Be In The Know About CO

This archived article is from January 2005. Although every effort has been made to make sure the information presented is accurate, please note that it may contain information that is out-of-date.

Carbon monoxide (CO) is a tasteless, colourless and odourless poisonous gas often referred to as “the silent killer.” It is produced when fuels such as natural gas, oil, wood, propane and kerosene don’t get enough air to burn up completely. Damaged or blocked venting inside heating systems, as well as inadequate air flow can allow CO to build up inside the home.

CO continues to be a considerable safety issue in Canada.  In 2002, over 12,000 calls related to carbon monoxide were received in Ontario alone. Statistics also reveal that close to 15 percent of the incidents investigated by the Technical Standards and Safety Authority (TSSA) at private dwellings or residential locations involved CO.

When TSSA examined these incidents it identified human factors as the leading cause.  This clearly indicates that taking safety precautions could help reduce the number and/or severity of CO incidents.

The best way to ensure that you and your family are not exposed to the dangers of CO is to eliminate it at the source. Make maintenance of your fuel burning appliances, equipment and venting systems an absolute priority.

In the absence of CO alarms, the only way to know if carbon monoxide is present is if the physical symptoms of CO poisoning become apparent. But by then it might be too late to avoid injury.

Know the symptoms of CO poisoning. They are similar to the flu - nausea, headache, burning eyes, confusion and drowsiness - except there is no fever. If they appear, get everyone, including pets, outside to fresh air immediately and call 911 or the local fire department.

Be Alarmed!

Proper maintenance of fuel-burning appliances, such as furnaces, and their venting systems is your best defence against the dangers of carbon monoxide in your home. Your second line of defence is the installation of certified CO alarms. They will warn you of rising levels of carbon monoxide giving you and your family the time to escape the hazard and correct the problem.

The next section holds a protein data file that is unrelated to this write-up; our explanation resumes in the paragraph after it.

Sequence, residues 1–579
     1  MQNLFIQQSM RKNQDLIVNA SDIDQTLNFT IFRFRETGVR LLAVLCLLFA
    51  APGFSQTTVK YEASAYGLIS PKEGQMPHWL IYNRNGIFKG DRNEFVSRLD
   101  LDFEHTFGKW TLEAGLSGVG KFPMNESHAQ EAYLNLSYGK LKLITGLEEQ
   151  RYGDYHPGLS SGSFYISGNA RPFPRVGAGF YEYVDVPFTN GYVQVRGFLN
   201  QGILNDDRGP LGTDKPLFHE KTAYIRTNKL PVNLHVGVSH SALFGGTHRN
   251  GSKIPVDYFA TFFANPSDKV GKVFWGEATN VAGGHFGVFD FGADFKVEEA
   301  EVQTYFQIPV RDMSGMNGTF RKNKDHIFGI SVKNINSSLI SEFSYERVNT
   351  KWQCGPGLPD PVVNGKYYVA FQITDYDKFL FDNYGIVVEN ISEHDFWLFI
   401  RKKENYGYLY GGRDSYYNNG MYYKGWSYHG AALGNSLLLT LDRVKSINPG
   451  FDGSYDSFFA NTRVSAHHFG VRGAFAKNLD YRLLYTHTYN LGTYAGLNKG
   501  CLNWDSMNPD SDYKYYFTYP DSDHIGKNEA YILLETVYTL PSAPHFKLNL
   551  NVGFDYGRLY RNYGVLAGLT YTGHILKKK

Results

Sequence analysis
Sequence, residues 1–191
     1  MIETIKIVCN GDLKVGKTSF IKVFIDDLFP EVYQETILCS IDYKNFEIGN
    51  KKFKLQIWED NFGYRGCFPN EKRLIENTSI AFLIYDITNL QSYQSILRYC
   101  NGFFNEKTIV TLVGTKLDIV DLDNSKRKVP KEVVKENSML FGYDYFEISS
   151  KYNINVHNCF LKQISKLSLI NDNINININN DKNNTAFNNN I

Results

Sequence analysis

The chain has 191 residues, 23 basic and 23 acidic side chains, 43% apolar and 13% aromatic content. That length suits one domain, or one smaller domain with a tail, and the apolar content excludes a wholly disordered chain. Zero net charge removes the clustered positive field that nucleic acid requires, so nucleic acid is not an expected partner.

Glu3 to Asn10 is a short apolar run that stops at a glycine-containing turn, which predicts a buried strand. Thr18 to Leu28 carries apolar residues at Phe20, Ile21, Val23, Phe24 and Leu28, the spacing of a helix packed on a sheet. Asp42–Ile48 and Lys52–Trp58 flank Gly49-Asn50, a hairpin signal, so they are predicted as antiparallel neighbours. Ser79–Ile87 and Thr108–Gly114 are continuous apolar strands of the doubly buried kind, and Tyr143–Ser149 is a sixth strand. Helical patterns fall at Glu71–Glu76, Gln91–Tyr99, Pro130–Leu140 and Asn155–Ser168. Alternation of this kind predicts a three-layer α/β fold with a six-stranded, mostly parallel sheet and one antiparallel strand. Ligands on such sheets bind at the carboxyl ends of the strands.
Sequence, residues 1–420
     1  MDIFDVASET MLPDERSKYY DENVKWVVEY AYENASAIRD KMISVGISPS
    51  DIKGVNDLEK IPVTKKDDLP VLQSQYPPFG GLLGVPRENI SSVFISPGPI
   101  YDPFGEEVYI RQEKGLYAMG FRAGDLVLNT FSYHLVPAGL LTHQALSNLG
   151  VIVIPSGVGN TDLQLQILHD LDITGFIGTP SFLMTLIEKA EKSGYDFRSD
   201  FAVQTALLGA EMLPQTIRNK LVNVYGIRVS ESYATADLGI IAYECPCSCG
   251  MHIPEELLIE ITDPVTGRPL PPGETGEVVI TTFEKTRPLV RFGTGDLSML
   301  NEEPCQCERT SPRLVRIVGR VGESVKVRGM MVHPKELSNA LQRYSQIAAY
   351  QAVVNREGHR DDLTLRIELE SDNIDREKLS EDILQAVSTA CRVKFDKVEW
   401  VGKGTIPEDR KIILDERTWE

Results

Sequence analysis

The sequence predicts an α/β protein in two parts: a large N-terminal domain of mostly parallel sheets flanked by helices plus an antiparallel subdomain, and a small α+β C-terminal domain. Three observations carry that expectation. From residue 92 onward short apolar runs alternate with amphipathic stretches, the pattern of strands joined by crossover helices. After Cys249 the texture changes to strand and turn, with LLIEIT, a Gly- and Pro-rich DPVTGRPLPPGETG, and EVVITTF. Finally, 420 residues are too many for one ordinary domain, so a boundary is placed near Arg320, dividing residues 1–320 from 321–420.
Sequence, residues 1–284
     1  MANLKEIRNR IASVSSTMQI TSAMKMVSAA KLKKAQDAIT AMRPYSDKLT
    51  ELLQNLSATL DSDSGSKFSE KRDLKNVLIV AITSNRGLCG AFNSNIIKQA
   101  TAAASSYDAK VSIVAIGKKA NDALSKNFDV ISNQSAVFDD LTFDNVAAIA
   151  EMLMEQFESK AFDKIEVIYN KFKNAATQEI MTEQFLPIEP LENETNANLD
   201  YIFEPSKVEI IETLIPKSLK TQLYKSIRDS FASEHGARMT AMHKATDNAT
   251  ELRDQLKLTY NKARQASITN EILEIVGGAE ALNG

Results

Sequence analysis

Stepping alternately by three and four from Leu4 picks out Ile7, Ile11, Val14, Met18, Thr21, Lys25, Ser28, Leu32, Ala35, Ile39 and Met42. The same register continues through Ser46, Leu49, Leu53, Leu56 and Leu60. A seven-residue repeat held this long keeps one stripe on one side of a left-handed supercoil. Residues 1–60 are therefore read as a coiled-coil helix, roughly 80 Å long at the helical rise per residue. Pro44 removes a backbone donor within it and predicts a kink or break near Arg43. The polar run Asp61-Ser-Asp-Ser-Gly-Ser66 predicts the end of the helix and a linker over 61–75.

Since CO alarms do not detect fire or smoke and smoke alarms do not detect CO, your home needs both CO and smoke alarms. Install them on every level of your home or cottage in accordance with manufacturer’s instructions. Units that combine the function of both CO and smoke alarms into one are available. Once installed, remember to test your alarms once a month by pushing the test button on the unit.

No CO or smoke alarm can work if the batteries are dead. Batteries need to be replaced twice a year. A good way to remember is to change the batteries when you change your clocks in the spring and fall.

Like most things, CO and smoke alarms wear out with age. They have to be replaced in order to ensure maximum effectiveness and safety for your family.  Check the manufacturer’s instructions for information on when yours should be replaced.

Annual Inspections A Must

In Canada, we depend on our heating systems to keep us safe and warm when the thermometer plunges and the snow flies. It not only makes sense to check and maintain your furnace, it is vitally important. Heating systems that consume fuel such as gas, oil or wood need to be inspected and maintained annually. It’s the only way to ensure efficient and safe operation.

While you can and should change filters and check for leaks, the only person qualified to inspect your natural gas, propane or oil furnace is a certified heating technician.

TSSA offers these maintenance tips:

  • Avoid “fly-by-nighters” - especially people who show up at your door offering special deals.
  • Ask a friend or your fuel supplier for recommendations.
  • Obtain at least three written estimates that include the type of work being done, who will do the work as well as start and completion dates.
  • Determine whether repairs are covered by a warranty.
  • Furnace inspections are your responsibility. If you don’t arrange it, it won’t get done! Don’t forget! Have your furnace inspected annually.

Source: Technical Standards and Safety Authority

TSSA is an independent, not for profit, self-funded, organization that administers and enforces public safety under Ontario’s Technical Standards & Safety Act, 2000. Visit its safety information Web site.